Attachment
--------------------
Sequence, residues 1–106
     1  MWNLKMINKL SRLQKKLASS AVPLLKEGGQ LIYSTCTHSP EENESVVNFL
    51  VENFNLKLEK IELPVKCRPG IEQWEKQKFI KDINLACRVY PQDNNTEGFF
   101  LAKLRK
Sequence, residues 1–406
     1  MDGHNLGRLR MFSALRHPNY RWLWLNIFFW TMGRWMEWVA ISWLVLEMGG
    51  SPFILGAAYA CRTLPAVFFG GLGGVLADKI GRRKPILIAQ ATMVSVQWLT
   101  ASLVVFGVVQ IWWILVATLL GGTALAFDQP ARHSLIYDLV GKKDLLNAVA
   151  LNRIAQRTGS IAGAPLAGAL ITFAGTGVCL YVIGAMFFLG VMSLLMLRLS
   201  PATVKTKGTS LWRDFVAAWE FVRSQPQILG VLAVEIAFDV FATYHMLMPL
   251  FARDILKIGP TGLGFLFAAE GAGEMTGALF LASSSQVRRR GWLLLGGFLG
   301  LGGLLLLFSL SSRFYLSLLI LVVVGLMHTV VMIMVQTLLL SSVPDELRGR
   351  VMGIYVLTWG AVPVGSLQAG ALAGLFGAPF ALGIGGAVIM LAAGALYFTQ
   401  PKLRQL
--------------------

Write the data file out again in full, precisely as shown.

Sequence, residues 1–106
     1  MWNLKMINKL SRLQKKLASS AVPLLKEGGQ LIYSTCTHSP EENESVVNFL
    51  VENFNLKLEK IELPVKCRPG IEQWEKQKFI KDINLACRVY PQDNNTEGFF
   101  LAKLRK
Sequence, residues 1–406
     1  MDGHNLGRLR MFSALRHPNY RWLWLNIFFW TMGRWMEWVA ISWLVLEMGG
    51  SPFILGAAYA CRTLPAVFFG GLGGVLADKI GRRKPILIAQ ATMVSVQWLT
   101  ASLVVFGVVQ IWWILVATLL GGTALAFDQP ARHSLIYDLV GKKDLLNAVA
   151  LNRIAQRTGS IAGAPLAGAL ITFAGTGVCL YVIGAMFFLG VMSLLMLRLS
   201  PATVKTKGTS LWRDFVAAWE FVRSQPQILG VLAVEIAFDV FATYHMLMPL
   251  FARDILKIGP TGLGFLFAAE GAGEMTGALF LASSSQVRRR GWLLLGGFLG
   301  LGGLLLLFSL SSRFYLSLLI LVVVGLMHTV VMIMVQTLLL SSVPDELRGR
   351  VMGIYVLTWG AVPVGSLQAG ALAGLFGAPF ALGIGGAVIM LAAGALYFTQ
   401  PKLRQL